We fully support our colleague in this situation and express our solidarity. We demand an end to the political prosecution of the feminist activist!
Photo by Maria Nyakina (St. Petersburg)
Thanks to Darya Aponchich for the heads-up. Translated by the Russian Reader. See our post from earlier this year, “Yulia Tsvetkova: Blues and Pinks,” a translation of an interview with Tsvetkova about her work with a children’s theater in Komsomolsk-on-Amur and the crackdown against the theater by local officials.
“He Threatened to Kill Us for Perverting Children” A Feminist Staged a Children’s Play. She Has Been Accused of Extremism and Interrogated by Police
Larisa Zhukova Lenta.ru
March 15, 2019
The police department in Komsomolsk-on-Amur has been investigating the work of feminist Yulia Tsvetkova, producer of the activist comedy theater Merak. The ostensible cause of the investigation is her production of a children’s play about gender stereotypes, Blues and Pinks, which the people who denounced Tsvetkova to the police regarded as promotion of homosexual relations among minors. The suspicions of the authorities have also been piqued by the anti-militarist dance productions Praise the Lord and Pass the Ammunition and Prague Spring, and the VK community page Komsomolka. Lenta.ru recorded Tsvetkova’s account of why regional activists have grown accustomed to threats of real violence and how the local extremism prevention center (Center “E”) inspects children’s dances and drawings.
“Are You Against the Soviet Union?”
Everyone who has known us for a long time agrees that something completely insane has been happening. We have pupils who have been working with us for almost sixteen years, starting with my mom’s early development workshop.
Our theater is me, the actors, and my mom, our manager. We are a tiny theater company in a really small city and the only young people’s theater of its kind. We are not a classic theater company, but a horizontal (egalitarian) and activist theater. We highlight societal problems and look for ways of solving them. We established the theater a year ago. We decided to call it Merak, with the stress on the first syllable. In Serbian, mérak means a buzz, a high, life’s little pleasures.
The actors are twenty-one children aged six and up. They write poems, contribute to the scripts, build scenery, and choreograph the dance numbers. As director, I supply the overall outline, but then I leave the creativity to them. How do you feel in this scene? I ask them. What should it be like? How should the dialogue sound? What words would you use to say that? How would you dance it? Some find it odd I deal with children as equals, but I believe it has to be this way. We use improvisation, forum theater, gags, and free dance.
Everything was fine until February, until we decided to stage four danced-based plays, which we had been rehearsing for six months. Two plays are staged one day, while the other two plays are staged the next day. We came up with the idea of calling them a festival by way of combining them. It would have been the first activist art festival in the region. A week before the first performance we got a phone call from city hall. The next day, the Youth Center, a venue we had already confirmed, told us they were booked up on the dates we needed, and there were no openings for the next six months.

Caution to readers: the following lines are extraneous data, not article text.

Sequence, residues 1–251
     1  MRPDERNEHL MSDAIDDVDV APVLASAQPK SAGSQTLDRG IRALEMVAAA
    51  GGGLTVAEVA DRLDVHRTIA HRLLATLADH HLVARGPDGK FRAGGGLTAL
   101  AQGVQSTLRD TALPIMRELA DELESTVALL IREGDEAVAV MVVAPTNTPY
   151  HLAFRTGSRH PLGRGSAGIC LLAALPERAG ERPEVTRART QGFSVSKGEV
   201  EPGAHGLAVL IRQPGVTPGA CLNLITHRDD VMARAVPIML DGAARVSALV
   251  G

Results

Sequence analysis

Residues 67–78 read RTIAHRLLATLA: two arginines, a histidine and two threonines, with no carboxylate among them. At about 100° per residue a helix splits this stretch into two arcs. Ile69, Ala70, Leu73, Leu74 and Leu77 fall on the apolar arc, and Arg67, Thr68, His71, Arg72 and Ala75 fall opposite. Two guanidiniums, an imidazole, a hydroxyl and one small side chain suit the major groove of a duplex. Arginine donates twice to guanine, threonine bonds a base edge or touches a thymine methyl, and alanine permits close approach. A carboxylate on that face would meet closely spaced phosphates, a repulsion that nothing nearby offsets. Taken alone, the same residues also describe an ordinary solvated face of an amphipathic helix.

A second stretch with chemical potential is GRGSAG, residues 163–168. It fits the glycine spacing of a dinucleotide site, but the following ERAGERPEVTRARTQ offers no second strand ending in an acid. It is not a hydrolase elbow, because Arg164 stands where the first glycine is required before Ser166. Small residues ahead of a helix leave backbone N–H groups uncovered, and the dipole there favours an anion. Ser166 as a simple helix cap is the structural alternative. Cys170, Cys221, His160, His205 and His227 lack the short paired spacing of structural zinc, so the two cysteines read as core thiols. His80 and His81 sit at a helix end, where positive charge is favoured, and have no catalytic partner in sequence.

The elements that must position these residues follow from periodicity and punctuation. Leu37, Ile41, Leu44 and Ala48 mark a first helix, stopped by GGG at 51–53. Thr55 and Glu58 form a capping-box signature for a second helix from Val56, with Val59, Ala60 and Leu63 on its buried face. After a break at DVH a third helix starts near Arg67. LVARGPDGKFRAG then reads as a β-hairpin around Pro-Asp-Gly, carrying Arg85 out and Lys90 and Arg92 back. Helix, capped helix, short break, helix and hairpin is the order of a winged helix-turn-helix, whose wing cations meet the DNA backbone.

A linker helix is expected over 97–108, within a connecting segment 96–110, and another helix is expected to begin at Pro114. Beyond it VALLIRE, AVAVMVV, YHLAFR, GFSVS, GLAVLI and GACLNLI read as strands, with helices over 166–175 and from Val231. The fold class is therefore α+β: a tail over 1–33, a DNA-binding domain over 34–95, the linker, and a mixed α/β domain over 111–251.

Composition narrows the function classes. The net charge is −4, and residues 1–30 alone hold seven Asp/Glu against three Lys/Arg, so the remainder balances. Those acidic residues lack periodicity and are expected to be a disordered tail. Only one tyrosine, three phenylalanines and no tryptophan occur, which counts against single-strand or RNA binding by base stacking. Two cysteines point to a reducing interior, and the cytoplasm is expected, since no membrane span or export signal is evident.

The telephone conversation with city hall lasted over an our. City officials went over our poster point by point. Why was our play called Blues and Pinks? We wrote, “We can do it again”: were we against the Soviet Union or something? We were asked what we meant by the word “individual.” Obviously, there was something about what we were doing they didn’t like. We also suddenly got the cold shoulder at other venues.
Detail of a poster for The Color of Saffron Festival of Activist Art. The inscription reads “We can do it again. We can ban it!”
After the news that the festival had been shut down was published, city hall called us and said we had misunderstood them. Actually, they supported our undertaking. They invited us to a meeting at which they made it understood that if we denied the news reports, they would help us find a venue. Since I don’t like having my arm twisted, and I didn’t think I had done anything wrong by talking about the connection between their first phone call and the sudden refusals to give us a venue, I was not about to refute any of the reports. That was when they interrogated the kids.
“The Kids Are Feared like Terrible Dissidents”
To be honest, I thought we would be called on the carpet for our anti-militarist production Praise the Lord and Pass the Ammunition. It is a translation of a song by Serj Tankian, lead singer of System of a Down. He often voices his opposition to war and the arms industry. The big dance number in the play is set to his song. It’s an urgent problem for us, because all the boys who attend our workshop, which has been functioning for over twenty years, try to smuggle in toy pistols at first. But we have a ban on weapons, even toy weapons. Why? We are trying to make sense of things. During the big dance number, one dancer acquires a “pistol.” Then another gets one, too, as a means of defense. A third dance gets hold of a machine gun, and the atmosphere heats up. It is satirical and exaggerated, of course, but it is a quite dramatic play as well.